Growing up in Kansas City not far from where you did, this makes sense. For instance, I didn’t know the job I have now was at all an option.

Exactly. But I was obsessed with SNL. I was obsessed with comedy. I was obsessed with movies. I was obsessed with this whole world. But if you don’t grow up as a child actor at the Coterie Theatre [in Kansas City], you just don’t feel like there’s a path at all. So I totally feel you there.

So you didn’t do comedy at all in Kansas City?

No. It’s funny that, also, I didn’t do theater at all. But at our school talent show, my friend and I would do funny skits, so it was like I was doing these things that translate into this thing, but there was no clear path or anything.

It’s gone now I think, but I remember ComedySportz was a big thing in the 90s.

My dad did ComedySportz!


Yeah, when I was really little. It was great. It was so much fun.

So then after nine years in L.A., you just on a whim started with The Groundlings?

I’d always heard of The Groundlings. So I went to an improv show one Thursday night, which blew my mind. It was so funny. And then we went back Saturday night for the sketch show, which at that time Melissa McCarthy was still in. We saw her perform and it was like, “Why isn’t this the biggest star in the world?” And six months later Bridesmaids came out and everything changed. But after that week, seeing those two shows, I was just like, oh man. But, again, way too scared to do anything about it. And my husband and my friend Rachel, who was in The Groundlings, were like, “Just take a class. Take an improv class.” My friend Rachel was like, “Just audition into Basic.” I was like, “I’ve never auditioned! I’m not an actor!”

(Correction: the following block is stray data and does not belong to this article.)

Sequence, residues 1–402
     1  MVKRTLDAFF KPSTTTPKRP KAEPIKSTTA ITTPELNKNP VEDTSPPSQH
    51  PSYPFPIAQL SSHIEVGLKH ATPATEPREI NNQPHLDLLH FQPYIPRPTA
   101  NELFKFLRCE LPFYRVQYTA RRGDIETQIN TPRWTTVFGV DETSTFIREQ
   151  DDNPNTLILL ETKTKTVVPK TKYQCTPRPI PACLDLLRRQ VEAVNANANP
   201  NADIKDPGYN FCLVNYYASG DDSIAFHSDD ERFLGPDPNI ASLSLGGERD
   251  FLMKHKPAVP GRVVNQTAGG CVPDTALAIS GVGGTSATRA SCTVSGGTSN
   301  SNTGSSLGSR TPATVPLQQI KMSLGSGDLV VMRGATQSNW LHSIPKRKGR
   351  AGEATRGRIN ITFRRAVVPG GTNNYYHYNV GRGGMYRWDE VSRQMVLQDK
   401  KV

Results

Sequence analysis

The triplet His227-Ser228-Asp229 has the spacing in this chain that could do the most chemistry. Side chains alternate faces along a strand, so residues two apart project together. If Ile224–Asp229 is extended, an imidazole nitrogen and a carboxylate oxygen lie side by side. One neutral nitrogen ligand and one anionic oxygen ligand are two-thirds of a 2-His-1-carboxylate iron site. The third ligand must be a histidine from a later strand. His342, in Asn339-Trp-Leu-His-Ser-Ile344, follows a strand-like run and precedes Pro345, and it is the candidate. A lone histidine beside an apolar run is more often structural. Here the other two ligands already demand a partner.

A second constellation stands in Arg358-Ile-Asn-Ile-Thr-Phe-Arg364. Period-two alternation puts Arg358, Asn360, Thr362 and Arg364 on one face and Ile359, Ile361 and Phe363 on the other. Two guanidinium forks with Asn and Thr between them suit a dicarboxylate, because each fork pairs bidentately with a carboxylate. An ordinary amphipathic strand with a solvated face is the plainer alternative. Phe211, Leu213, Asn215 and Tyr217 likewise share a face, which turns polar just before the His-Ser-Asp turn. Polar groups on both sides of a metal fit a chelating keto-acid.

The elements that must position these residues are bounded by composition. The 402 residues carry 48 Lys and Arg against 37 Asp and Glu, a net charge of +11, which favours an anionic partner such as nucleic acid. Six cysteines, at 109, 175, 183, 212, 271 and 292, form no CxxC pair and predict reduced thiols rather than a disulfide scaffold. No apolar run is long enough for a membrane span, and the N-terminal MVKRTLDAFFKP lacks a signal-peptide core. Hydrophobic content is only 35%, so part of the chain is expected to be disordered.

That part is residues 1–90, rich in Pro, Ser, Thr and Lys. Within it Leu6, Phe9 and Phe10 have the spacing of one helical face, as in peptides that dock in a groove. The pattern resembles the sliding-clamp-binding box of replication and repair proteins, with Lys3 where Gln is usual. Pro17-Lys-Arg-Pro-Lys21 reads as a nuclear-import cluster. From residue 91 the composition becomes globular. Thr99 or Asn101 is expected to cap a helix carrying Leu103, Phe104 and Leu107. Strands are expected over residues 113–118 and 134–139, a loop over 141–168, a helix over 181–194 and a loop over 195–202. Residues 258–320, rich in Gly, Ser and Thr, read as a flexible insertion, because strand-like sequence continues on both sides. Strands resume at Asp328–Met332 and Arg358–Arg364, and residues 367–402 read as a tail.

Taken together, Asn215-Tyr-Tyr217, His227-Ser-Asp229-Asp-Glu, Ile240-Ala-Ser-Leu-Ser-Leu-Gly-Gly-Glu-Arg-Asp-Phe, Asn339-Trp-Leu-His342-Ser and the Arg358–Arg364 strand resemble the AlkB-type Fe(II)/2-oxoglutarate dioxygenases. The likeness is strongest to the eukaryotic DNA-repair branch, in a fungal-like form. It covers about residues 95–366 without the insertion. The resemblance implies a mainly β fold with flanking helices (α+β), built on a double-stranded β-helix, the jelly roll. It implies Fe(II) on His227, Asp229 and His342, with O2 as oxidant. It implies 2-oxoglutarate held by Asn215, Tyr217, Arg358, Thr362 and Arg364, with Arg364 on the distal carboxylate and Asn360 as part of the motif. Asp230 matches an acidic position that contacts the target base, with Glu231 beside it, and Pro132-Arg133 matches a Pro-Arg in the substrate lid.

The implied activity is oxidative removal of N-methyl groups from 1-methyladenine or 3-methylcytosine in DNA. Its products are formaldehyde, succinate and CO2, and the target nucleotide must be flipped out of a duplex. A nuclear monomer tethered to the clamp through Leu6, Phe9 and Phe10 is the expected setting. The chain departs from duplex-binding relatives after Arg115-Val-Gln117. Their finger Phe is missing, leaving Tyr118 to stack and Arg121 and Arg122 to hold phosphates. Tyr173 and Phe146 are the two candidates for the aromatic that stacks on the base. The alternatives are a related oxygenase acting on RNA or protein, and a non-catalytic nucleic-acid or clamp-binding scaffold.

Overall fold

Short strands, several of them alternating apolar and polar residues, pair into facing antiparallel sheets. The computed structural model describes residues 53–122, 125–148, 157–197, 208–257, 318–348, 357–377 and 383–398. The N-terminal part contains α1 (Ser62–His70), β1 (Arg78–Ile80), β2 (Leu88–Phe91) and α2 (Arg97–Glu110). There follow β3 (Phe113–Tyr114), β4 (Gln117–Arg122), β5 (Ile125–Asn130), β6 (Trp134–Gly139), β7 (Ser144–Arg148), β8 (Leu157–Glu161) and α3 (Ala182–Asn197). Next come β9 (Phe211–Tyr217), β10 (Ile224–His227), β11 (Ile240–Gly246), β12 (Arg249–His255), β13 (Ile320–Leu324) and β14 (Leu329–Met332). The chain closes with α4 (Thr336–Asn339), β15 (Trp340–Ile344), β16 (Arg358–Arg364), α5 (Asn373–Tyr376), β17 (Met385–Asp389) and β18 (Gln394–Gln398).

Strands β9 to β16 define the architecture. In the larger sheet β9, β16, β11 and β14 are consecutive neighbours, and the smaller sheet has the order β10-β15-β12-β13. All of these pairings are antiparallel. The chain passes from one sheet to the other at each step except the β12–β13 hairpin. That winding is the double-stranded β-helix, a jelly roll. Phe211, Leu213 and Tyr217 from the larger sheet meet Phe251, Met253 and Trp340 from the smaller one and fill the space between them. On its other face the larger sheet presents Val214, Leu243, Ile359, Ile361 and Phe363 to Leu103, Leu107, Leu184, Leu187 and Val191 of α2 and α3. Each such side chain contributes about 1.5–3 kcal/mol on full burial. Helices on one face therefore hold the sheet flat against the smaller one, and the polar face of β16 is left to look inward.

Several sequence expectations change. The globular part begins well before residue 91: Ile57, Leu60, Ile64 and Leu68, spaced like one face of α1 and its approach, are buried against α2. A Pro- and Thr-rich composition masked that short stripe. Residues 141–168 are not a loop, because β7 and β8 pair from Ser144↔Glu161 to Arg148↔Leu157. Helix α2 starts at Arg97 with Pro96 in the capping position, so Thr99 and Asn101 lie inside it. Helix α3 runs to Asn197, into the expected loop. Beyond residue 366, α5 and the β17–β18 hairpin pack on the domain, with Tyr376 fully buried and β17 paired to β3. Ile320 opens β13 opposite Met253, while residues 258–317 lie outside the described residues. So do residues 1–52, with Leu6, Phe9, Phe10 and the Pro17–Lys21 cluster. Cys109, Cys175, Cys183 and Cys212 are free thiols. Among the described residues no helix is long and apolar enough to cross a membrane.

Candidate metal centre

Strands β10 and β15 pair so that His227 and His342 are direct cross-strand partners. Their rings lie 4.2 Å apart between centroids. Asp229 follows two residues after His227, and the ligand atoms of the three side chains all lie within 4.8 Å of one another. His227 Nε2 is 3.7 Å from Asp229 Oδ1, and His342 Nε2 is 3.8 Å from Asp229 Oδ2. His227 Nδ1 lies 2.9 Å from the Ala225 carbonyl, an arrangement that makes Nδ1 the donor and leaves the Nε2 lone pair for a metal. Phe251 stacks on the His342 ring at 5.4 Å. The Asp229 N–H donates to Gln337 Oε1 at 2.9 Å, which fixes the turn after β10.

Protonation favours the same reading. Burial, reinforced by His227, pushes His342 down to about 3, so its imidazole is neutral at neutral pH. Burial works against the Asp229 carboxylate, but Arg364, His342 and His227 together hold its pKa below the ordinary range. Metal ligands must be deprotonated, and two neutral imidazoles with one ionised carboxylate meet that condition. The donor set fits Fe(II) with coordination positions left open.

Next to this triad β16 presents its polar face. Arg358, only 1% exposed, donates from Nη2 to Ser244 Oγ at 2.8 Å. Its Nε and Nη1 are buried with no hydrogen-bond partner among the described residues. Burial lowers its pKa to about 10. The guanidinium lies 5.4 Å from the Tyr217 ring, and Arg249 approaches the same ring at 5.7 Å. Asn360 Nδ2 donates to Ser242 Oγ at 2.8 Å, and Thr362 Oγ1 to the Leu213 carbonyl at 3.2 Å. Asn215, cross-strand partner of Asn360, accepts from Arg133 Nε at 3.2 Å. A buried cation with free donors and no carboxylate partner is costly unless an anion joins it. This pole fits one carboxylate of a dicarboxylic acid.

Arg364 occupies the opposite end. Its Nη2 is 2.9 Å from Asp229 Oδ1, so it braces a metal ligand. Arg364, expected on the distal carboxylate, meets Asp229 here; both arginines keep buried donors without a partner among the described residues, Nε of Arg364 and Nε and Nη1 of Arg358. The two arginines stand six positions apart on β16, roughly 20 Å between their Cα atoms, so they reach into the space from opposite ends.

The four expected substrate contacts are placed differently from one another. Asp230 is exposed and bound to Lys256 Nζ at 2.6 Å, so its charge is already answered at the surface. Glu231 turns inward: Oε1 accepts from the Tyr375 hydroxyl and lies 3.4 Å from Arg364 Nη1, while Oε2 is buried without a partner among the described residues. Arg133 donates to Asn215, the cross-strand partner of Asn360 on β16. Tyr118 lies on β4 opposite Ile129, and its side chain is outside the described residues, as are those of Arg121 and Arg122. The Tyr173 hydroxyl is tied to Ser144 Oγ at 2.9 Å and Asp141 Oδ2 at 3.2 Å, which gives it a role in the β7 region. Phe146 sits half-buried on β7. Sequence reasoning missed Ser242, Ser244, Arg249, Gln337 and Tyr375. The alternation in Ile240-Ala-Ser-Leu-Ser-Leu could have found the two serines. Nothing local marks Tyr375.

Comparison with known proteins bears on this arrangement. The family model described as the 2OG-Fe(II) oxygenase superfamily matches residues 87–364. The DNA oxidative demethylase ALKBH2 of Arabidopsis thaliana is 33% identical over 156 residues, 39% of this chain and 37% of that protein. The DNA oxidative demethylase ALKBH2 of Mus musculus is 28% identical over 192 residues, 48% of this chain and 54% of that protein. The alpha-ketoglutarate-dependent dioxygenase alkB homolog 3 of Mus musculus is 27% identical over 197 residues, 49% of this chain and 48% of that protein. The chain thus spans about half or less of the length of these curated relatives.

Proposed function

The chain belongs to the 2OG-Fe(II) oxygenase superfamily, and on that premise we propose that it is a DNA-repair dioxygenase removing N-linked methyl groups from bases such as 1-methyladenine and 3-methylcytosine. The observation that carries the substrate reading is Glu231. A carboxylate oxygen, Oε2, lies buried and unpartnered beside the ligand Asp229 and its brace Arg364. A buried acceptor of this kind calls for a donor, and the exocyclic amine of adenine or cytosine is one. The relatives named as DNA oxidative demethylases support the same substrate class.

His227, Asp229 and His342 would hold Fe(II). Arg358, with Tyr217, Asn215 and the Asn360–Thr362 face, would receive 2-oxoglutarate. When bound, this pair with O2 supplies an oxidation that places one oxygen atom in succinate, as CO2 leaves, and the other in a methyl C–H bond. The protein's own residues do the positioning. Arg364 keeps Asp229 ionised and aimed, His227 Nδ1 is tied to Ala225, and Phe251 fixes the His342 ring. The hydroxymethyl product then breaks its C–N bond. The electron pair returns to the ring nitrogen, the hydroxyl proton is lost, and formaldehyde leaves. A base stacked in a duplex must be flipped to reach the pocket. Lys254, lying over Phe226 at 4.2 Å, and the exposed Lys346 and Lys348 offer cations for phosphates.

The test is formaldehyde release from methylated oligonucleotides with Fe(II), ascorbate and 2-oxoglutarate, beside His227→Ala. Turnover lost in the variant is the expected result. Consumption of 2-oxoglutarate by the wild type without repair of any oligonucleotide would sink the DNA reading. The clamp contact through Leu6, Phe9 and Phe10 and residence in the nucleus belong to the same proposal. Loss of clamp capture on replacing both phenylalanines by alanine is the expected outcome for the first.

This sounds extremely intimidating.

So once I took that first class, I just realized how much it was changing my life in a good way. I was becoming a little less shy. I was saying sorry less because they tell you, “Stupid things are gonna come out of your mouth. Don’t immediately go like, sorry. Sorry.”

Oh, saying sorry for everything, that’s very hard to stop for people from the Midwest.

Oh, my god. Yes!

I’ve lived in New York for 15 years. If I walk out of here and some guy just rams right into me, I’ll go, “Oops, sorry about that.”

I know.

I can’t help it.

I mean, I still have a little bit of it. I mean, I think yesterday someone for sure ran into me and I was like, “Sorry!”

So what era of SNL was your sweet spot?

I feel like my favorite, when I first started watching, was like the Phil Hartman, Dana Carvey crossover into Mike Myers, Chris Farley, Adam Sandler.

Wow, you were really young when you started watching.

So it’s that. And then the reruns were Eddie Murphy “gonna get in the hot tub” stuff. So it was all a ball of that and “Wayne’s World” that just really got me hooked. And then once I got a little older, Will Ferrell came on.

Okay, this is making sense, because your characters do have similar sensibilities from that era. More character-driven comedy than the events of the day.

Yeah, yeah, yeah. You know, there’s a premise, but it’s definitely not a high concept, and it’s just these characters in a situation.

You would have been, what, six years old?

I always remember that when I was six years old, my parents, it’s great for me now, but I think they just introduced me to things maybe a little young, or I was just sitting next to them watching the TV and they didn’t censor. But I had a babysitter once when I was six who was like “What do you want to do?” And I was like, “Can we watch Spinal Tap?” She was like, “What?”


She was like, “No. First off, I don’t have access. And what?”

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What was the call from Lorne like when he told you got the show?

You know, you’re just waiting to hear anything. And I definitely didn’t think that was the first thing I was going to hear. You just want to hear good news of any sort. But you can’t stop thinking about it. So I was in L.A. at the time. I had driven to the grocery store, not to get groceries, just to walk around and do something because the only other thing I was doing was watching The Great British Bake-Off just to take my mind off things. So I had just pulled into the parking lot and my phone rang. It was a New York number, no ID though. And I answered and it was like, “Heidi Gardner? I’ve got Lorne Michaels on the phone for you.” And I tried to act like that wasn’t a big deal, so I was like “Uh-huh.”

So where were you at when this happened?